I thought I had finished Dig Dug but Carlos Camacho, the graphics design artist on the project, posted in the MC-10 Facebook the notes for the background/intro music of the original game. He thought that when Allen Huffman gets his sound-through-the-serial port device working it could be added to play in the background in some future rendition of the program. I'll certainly do that. In the meantime I had been feeling the existing game start routine that flashes our names could use a little music. It only had a silent pause between my name and Carlos' name. So I used my sound routine developed for FOD to play the refrain while our names are being displayed when the program is first run.

Here is what he posted:
10 PLAY "T8;O1;F#;G;G;G;G;G;G;G;G;G;G;G;G;G;E;D;E;D;E;D;E;D;D#;E;E;E;E;E;E;E;E;E;E;E;E;E;E;D;E;D;E;D;G;F#;G;G;G;G;G;G;G;G;G;G;G;G;G;E;D;E;D;E;D;E;D;D#;E;E;E;E;E;E;E;E;E;E;E;E;E;E;D;E;D;E;D;G"
20 PLAY "T8;O2;F#;G;G;G;G;G;G;G;G;G;G;G;G;G;E;D;E;D;E;D;E;D;D#;E;E;E;E;E;E;E;E;E;E;E;E;E;E;D;E;D;E;D;G;F#;G;G;G;G;G;G;G;G;G;G;G;G;G;E;D;E;D;E;D;E;D;D#;E;E;E;E;E;E;E;E;E;E;E;E;E;E;D;E;D;E;D;G"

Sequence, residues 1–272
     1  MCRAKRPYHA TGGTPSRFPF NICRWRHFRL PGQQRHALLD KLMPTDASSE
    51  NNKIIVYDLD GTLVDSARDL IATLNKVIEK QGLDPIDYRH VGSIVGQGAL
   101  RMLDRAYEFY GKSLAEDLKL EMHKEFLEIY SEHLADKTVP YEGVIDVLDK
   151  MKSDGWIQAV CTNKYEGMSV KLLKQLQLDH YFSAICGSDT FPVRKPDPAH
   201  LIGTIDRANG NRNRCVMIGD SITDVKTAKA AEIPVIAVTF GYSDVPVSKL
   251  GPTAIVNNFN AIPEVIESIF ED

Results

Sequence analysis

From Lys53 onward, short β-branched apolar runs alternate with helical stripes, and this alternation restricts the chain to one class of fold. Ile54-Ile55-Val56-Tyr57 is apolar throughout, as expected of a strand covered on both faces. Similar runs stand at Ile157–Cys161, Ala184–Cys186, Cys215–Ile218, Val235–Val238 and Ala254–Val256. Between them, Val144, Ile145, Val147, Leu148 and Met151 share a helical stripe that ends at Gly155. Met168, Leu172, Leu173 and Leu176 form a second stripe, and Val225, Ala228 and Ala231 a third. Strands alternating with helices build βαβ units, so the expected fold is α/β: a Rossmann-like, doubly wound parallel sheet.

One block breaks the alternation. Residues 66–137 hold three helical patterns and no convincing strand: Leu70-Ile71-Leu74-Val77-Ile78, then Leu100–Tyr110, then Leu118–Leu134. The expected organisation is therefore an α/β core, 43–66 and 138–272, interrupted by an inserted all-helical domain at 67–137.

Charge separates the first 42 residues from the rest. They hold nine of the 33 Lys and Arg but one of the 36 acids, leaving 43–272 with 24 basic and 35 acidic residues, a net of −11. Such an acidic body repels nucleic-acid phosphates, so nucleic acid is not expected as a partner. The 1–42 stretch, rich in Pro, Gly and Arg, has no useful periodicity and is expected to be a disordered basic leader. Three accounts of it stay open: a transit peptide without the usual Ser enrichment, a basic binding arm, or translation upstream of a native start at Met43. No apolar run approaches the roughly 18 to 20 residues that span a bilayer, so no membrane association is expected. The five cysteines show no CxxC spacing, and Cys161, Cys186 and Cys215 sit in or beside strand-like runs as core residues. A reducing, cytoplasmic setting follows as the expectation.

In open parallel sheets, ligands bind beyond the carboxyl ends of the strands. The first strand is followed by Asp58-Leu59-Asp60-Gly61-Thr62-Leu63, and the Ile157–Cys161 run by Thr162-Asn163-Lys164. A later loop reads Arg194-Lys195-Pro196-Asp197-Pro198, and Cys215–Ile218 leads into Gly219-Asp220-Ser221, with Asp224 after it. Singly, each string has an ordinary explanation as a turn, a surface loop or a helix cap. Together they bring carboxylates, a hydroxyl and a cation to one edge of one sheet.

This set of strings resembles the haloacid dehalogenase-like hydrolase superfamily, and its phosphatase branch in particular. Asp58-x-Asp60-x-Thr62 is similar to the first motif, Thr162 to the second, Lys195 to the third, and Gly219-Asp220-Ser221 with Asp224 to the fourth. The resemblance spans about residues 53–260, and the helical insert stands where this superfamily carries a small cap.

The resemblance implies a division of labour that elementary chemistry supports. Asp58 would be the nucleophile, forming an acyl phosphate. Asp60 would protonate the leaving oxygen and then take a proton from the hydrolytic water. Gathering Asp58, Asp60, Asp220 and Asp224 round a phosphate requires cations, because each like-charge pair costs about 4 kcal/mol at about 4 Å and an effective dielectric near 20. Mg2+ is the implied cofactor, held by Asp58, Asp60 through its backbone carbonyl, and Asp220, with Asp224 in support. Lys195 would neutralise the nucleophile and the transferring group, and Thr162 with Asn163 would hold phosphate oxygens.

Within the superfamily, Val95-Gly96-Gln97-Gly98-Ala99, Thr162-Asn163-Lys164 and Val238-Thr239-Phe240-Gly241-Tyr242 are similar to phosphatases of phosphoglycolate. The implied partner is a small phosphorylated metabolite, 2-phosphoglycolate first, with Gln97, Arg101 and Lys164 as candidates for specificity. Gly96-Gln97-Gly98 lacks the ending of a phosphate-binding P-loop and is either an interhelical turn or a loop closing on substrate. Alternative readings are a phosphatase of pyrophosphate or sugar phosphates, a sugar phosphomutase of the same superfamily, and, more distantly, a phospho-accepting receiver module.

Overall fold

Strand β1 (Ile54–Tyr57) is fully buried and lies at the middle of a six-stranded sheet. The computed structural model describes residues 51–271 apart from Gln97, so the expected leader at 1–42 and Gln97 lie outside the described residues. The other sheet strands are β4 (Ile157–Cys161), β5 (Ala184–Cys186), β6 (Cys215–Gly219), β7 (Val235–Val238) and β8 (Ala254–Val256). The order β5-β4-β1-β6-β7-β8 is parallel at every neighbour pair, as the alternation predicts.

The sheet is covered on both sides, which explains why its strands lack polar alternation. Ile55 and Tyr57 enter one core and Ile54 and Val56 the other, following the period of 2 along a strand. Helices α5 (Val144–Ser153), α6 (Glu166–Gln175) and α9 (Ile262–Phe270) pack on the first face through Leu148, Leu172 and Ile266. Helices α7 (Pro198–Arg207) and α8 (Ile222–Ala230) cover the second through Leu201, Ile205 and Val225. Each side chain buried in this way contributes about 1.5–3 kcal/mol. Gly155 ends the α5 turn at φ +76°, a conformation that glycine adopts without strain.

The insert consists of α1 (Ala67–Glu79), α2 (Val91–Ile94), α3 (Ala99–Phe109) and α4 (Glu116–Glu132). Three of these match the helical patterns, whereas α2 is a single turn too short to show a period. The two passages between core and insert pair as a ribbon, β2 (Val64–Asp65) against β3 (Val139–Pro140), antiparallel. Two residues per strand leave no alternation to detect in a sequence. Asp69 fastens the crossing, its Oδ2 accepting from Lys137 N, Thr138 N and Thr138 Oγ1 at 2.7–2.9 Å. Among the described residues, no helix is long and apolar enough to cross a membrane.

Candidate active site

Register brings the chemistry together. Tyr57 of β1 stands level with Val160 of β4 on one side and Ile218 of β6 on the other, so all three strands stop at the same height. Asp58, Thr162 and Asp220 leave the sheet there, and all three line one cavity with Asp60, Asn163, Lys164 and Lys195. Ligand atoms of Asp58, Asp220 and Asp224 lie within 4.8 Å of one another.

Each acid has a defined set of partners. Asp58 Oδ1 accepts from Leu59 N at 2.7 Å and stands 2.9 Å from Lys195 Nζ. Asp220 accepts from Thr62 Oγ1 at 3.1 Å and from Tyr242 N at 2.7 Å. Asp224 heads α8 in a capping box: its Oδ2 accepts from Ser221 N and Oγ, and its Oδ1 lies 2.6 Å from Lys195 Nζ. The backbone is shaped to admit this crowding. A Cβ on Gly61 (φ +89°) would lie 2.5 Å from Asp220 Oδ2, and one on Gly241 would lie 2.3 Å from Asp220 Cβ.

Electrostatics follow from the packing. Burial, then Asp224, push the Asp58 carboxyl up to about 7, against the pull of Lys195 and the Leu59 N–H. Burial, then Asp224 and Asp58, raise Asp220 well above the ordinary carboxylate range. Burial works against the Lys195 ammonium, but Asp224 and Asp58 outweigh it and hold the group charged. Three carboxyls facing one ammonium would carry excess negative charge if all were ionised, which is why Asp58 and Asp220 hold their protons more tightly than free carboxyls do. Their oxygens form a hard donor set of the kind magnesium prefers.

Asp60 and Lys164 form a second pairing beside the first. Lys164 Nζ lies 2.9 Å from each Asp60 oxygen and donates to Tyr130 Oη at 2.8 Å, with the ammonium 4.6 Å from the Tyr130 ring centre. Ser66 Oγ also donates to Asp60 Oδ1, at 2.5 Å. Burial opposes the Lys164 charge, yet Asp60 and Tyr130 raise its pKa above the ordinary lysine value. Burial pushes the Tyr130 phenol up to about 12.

100 GOTO 10

I'm posting it here in case anyone else might find it useful and because its a convenient place to go back and get it from when I need to use with Allen's device.

I also (of course) found a few more tweaks to the code to make the main loop just a little bit faster (I think). I should also mention that I built in James Diffendaffer's M/L speed-up routine. It's one little tweak to Microsoft Basic (something about using the 0 page), that he estimates speeds up execution by 1-2%. Only a little bit, but every little bit helps!

0 REM01234567890123456789012345678901234567890123456

1 CLS:GOSUB3000:GOSUB10000:GOTO100:REM program start line number

9998 DATA60,54,55,150,246,129,126,38,25,220,247,195,1,5,131,1,1,221,252,206,67,113,236,1
9999 DATA221,246,236,3,221,248,236,5,221,250,51,50,56,57,240,129,58,37,1,57,126